Future teachers look to STAR for science enlightenment
Where can undergraduate science majors with an eye on a teaching career go for a first-hand experience in applied research? The answer can be found in the STAR program. STAR or Science Teacher and Researcher -- is a collaborative project between California State University (CSU), the U.S. Department of Energy national research laboratories (including LLNL), the National Science Foundation (NSF), NASA, federal agencies and private research organizations.
Last week, a group of Cal State students visited the Lab for tours of facilities and talks by managers, as well as former STAR participants who shed more light on the value of the STAR program at LLNL -- an eight-week mentored and paid summer research internship for aspiring science and mathematics teachers
Bryan Rebar, STAR program director, facilitated a panel discussion with guests Kelly Bowers, superintendent of the Livermore Valley Joint Unified School District; STAR participants Shayne Bradshaw (who completed an internship at LLNL) and Annette Poole (who completed an internship at Sandia); and Paula Zermeno of the Center for Accelerator Mass Spectrometry (CAMS), who has served as a mentor for interns.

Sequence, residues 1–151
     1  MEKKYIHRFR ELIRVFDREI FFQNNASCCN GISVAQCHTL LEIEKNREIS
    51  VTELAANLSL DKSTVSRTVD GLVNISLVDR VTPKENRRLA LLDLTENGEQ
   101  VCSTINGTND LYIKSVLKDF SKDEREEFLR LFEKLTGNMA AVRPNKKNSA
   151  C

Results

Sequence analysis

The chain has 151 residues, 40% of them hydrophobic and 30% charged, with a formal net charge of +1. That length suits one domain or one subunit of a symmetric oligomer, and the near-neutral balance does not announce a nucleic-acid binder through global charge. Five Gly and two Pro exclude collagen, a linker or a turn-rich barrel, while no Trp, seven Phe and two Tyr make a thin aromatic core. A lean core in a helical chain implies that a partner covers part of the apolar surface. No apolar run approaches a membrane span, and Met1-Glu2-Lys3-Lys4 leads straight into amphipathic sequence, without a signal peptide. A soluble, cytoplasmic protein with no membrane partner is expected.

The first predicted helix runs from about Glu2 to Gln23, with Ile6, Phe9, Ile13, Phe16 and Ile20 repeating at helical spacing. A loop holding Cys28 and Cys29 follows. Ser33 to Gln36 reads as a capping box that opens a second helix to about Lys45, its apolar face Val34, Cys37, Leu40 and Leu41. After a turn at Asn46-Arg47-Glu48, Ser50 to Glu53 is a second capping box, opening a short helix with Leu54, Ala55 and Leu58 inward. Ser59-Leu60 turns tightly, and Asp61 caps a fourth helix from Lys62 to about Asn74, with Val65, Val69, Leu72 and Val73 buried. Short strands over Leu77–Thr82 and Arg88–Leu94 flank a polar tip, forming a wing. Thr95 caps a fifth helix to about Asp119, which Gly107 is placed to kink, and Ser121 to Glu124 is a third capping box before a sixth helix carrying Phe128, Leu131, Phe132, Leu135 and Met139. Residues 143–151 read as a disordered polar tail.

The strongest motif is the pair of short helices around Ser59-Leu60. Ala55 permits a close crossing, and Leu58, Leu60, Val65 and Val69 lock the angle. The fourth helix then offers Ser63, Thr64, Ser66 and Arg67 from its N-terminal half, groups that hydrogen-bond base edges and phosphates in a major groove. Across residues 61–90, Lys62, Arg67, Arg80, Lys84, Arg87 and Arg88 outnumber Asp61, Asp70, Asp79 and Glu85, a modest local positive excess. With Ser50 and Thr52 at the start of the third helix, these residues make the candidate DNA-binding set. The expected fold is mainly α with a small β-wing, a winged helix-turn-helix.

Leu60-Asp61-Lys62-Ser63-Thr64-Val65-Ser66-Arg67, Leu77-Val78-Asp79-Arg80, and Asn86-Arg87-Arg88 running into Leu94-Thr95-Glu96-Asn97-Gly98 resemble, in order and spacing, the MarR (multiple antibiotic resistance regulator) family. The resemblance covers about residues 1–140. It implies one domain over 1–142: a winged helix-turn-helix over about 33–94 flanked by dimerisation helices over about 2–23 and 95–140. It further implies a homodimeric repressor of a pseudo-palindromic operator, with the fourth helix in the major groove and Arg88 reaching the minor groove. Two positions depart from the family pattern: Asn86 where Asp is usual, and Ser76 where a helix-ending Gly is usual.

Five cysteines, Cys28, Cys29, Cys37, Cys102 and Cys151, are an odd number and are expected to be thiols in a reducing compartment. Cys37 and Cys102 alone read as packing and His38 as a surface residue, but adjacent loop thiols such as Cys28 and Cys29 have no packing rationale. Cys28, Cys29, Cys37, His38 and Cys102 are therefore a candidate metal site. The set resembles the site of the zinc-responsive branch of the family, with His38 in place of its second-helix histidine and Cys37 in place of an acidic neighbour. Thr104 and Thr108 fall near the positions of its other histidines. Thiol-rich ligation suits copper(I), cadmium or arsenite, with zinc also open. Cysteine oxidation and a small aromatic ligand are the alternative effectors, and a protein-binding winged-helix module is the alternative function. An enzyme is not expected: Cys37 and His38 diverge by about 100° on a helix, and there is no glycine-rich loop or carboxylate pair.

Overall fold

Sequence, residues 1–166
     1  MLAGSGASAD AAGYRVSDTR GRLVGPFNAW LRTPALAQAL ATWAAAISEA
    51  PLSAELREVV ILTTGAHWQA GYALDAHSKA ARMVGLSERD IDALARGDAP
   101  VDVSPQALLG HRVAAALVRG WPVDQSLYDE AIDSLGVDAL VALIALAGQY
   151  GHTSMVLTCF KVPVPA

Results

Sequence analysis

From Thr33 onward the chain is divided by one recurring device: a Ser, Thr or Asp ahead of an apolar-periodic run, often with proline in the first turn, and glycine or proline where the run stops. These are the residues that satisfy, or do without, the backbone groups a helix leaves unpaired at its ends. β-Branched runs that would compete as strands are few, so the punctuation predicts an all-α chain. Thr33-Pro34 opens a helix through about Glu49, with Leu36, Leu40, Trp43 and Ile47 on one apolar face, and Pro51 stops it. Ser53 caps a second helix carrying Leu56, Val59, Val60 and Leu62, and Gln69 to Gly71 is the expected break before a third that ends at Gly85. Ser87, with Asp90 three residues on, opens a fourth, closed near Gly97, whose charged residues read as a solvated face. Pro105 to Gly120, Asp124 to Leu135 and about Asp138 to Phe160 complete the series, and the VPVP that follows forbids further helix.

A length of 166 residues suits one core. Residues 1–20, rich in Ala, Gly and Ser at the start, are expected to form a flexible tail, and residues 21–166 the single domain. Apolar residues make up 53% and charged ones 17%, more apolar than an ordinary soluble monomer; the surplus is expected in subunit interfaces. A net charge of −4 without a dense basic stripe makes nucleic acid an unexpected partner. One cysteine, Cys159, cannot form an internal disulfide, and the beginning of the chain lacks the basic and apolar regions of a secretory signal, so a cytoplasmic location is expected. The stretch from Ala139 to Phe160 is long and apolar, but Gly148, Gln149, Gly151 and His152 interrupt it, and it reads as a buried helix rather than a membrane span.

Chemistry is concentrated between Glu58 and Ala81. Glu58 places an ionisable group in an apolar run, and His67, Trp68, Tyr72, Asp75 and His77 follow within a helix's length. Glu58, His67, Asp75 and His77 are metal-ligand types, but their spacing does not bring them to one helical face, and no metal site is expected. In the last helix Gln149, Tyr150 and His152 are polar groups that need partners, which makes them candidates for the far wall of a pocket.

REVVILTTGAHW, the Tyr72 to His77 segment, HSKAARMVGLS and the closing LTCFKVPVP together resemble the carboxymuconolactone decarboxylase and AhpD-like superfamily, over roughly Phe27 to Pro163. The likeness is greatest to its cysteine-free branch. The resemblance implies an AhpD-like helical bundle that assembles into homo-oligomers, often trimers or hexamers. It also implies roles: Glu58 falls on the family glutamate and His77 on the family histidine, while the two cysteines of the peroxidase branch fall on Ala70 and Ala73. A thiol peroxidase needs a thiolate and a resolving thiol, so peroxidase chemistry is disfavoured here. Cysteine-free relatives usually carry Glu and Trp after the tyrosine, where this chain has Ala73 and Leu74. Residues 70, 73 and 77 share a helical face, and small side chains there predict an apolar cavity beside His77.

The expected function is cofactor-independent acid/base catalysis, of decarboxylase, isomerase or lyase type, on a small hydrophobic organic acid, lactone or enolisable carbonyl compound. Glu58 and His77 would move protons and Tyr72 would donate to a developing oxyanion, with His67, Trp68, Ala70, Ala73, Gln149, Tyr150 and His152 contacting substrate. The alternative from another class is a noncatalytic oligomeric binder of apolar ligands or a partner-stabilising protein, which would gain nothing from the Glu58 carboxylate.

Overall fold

Rebar told the group that the program's research opportunities "will help you think about best practices for teaching." He said that because STAR participants are students themselves in the laboratories, they bring a sense of wonder and excitement about science back to the classroom.
Over the past four summers, STAR has offered 157 placements at 15 research sites in California, Colorado, Maryland, Tennessee and Washington.
Poole said her internship helped her grasp a new vocabulary and how to function in a research environment. "It was fascinating to work there."
Bowers talked about the program from a school district's perspective. "Anyone with STAR experience would rise to the top when looking for a job," she said. "You are the missing link," she told CSU students, noting that school districts value science teachers who also have research experience. "That's what we're missing. That's what we need," she added. "We want our kids engaged."
LLNL has been the largest supporter of the STAR program, which began at the Lab in 2007. The students are enrolled in the Lab's Teacher Research Academy (TRA) as part of their STAR experience where they complete professional development workshops with practicing teachers while they complete a summer internship. Student stipends are paid by STAR.
Some of the STAR participants are enrolled in the CSU East Bay College of Education and apply their TRA work and internship at LLNL toward a masters' degree in education. Several former LLNL STAR participants have gone on to be hired as science teachers by Livermore, as well as neighboring school districts.
This year's STAR students will begin their internships June 13. LLNL expects to have 15 students this year. The LLNL Science Education Program (SEP) is seeking mentors for students in biology, computer science, math, and physics and chemistry this summer.